After I got paid for my latest painting commission I went to my local surplus store and found a day pack that fit my price range in digital camo (looks kinda like, but isn't really, Cadpat) with a big enough central pouch for rain gear, training aids and lesson plans and side pockets for water bottles, sunscreen, bug repellent and anything else I might find useful. The straps aren't padded and the buckles aren't quick release, but I don't plan on doing any serious trekking with it.
Just what the Trg O on the go needs!

To add to my field swag, one of the drivers who delivers to my store from our warehouse used to be in the Reserves and finds my CIC work interesting. The other day he brought with him a couple of "Junior General Kits" (olive drab zippered canvas portfolios to go over a binder or spiral notebook with pockets for pens, markers, other bits of crap) and a newer, slightly nicer FMP.
He figures I'll be using them more than he ever will.

Sunday, August 18, 2013

Sherman Brew Up!

My old friend the Mad Padre has finally been posted back to Ontario and is now a convenient 45 mins away. So last night I had the crew over for a game to both welcome him back to the fold and initiate my new Sherman squadron. Mike has posted his own AAR with even more pictures on his blog here.

The scenario is D+something, June 1944, outside the village of St. Pierre-Lapins. Bomber Command has given the vital crossroads a good pasting and now a squadron of the 1st Hussars (4x 4 tank troops and a Sqdn HQ of 3x tanks) and two platoons of the Royal Winnipeg Rifles have to advance through the fields and orchards and seize it. A kampfgruppe of 2 platoons of panzer grenadiers (without tracks), a platoon each of 3x PzIVh and 3x Panthers supported by 2x Pak 40 AT guns stand in their way.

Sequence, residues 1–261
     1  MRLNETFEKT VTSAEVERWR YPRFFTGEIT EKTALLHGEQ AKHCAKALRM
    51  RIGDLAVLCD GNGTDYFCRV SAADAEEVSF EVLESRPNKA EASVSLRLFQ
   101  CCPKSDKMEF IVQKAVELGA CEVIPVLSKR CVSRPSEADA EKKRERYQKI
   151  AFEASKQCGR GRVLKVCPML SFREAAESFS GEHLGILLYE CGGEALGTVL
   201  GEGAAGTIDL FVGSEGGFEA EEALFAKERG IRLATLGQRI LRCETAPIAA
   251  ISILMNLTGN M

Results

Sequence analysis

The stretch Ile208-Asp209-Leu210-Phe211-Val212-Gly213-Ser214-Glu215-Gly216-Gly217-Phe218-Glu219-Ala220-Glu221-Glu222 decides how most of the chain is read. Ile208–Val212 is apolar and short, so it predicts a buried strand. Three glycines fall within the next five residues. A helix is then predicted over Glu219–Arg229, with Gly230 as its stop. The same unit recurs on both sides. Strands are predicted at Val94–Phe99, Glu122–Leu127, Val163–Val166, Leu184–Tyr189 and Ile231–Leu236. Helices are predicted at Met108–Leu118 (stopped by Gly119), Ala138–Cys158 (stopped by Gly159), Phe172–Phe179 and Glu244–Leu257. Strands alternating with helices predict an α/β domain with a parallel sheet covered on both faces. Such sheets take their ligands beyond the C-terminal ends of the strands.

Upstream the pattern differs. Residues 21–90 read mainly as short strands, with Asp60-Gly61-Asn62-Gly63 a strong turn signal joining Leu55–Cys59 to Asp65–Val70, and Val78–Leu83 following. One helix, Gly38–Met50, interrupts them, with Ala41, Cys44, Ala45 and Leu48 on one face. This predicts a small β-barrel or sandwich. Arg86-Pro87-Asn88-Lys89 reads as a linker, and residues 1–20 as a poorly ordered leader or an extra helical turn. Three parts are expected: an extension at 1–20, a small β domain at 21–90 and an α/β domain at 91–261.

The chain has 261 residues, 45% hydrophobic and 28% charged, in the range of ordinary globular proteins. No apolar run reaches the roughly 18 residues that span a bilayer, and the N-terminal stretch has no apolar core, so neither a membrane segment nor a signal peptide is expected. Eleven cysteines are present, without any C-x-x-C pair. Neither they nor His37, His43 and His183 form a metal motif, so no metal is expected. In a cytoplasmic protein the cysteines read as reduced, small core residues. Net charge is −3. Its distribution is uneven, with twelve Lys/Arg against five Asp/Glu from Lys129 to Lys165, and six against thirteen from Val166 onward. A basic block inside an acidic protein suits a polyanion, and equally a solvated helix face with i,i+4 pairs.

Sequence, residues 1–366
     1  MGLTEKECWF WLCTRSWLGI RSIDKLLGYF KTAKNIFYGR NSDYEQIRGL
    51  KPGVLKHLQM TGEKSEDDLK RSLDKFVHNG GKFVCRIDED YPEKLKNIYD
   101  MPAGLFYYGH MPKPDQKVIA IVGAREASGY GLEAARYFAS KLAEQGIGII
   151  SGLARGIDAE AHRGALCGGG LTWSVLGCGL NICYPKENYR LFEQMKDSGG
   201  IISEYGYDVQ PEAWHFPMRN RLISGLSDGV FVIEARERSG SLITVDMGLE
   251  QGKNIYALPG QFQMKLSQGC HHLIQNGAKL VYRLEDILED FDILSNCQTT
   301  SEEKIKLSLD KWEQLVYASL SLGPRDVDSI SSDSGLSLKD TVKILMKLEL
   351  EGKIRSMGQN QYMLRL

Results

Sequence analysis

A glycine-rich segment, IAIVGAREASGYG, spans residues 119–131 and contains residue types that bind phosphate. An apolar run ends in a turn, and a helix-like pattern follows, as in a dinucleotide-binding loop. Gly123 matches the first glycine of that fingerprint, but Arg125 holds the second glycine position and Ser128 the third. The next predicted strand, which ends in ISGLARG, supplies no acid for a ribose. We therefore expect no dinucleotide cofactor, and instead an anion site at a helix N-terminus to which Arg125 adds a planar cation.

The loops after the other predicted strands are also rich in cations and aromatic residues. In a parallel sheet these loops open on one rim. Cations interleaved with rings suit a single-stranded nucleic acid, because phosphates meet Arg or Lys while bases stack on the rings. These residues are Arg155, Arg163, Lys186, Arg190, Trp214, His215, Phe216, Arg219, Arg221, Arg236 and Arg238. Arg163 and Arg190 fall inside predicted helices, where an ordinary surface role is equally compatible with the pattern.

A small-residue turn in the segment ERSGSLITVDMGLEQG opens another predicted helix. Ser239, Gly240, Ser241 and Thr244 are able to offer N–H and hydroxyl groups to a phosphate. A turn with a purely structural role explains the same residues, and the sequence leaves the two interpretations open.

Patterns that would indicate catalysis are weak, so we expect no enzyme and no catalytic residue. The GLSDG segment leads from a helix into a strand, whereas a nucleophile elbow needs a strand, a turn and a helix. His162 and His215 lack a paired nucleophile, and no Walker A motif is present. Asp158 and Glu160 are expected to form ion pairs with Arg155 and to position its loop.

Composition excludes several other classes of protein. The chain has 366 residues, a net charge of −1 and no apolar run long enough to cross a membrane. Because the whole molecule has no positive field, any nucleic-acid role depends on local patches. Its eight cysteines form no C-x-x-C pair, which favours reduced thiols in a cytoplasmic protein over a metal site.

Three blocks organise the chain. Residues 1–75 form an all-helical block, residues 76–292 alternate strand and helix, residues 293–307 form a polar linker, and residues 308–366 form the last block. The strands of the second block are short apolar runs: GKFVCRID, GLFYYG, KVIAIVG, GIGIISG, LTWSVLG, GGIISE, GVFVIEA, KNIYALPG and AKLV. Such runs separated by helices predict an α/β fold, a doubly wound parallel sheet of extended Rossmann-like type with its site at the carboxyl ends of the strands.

We advanced on a two troop front and on the right got into a fire fight as the first Pak 40 engaged us across a field. The first shots missed but after a motivational talk from the Mad Padre, Pasha Dan started rolling better, causing some damage to my tanks with mobility kills and gun sights damaged.
Wierdy-Beardy and Mad Padre discuss tactics, or drink options.

On the left the Shermans took cover behind a hedge and let the infantry lead the way towards an orchard. Wally Wargamer got  his platoon in line over the hedge and into the 9" auto-spot range. The Mad Padre issued his commands and Wierdy-Beardy lit up the unfortunate Winnipeg Rifles with a devastating salvo, shredding the platoon in one go.
Note to self; go prone with your last action or send out scouts first.
The supporting Shermans started pounding the orchard with HE fire, but it was a bitter revenge.

On the right, the second Pak 40 and a PzIV in the ruined village opened up, brewing up the Squadron HQ.
The Sqdn COs tank was the first to go in a catastrophic fireball, killing the Old Man.
PzIVs in the ruined village
Large amounts of HE fire from the Shermans did wipe out one of the Paks, and the Panzer Grenadier platoon fell back to the next hedge line.

On the left some Panthers uncovered to engage the Shermans. After some desultory and unsatisfactory exchanges of fire with the Shermans, the Panthers then shifted to the center but attracted two more fighter bomber attacks. The first missed and hit the Panzer Grenadiers in the orchard. But the second scored our only tank kill of the game.

So at game's end, Wally Wargamer had brought his second platoon over the road to sweep the orchard, chasing Wierdy-Beardy's shattered platoon out, trailing shock points and dead. Brett's Shermans were sweeping around the orchard to start getting flank shots on the Panthers who had arrived in St. Pierre-Lapin to start adding their weight to the fire fight with my two shattered troops burning merrily along the hedge row.

The Canadians had taken about 50% casualties in men and tanks (damaged, immobilized and totally brewed up). The Germans had lost about 25% of their men and still held the crossroads. Without a set piece attack with proper artillery and more infantry, I don't think 3CID  will be getting the cross roads. Of course if the 12th SS can mount a quick counter attack the Canadians would be bundled right back to their start line if brigade doesn't get some AT guns and Vickers MMGs up soon.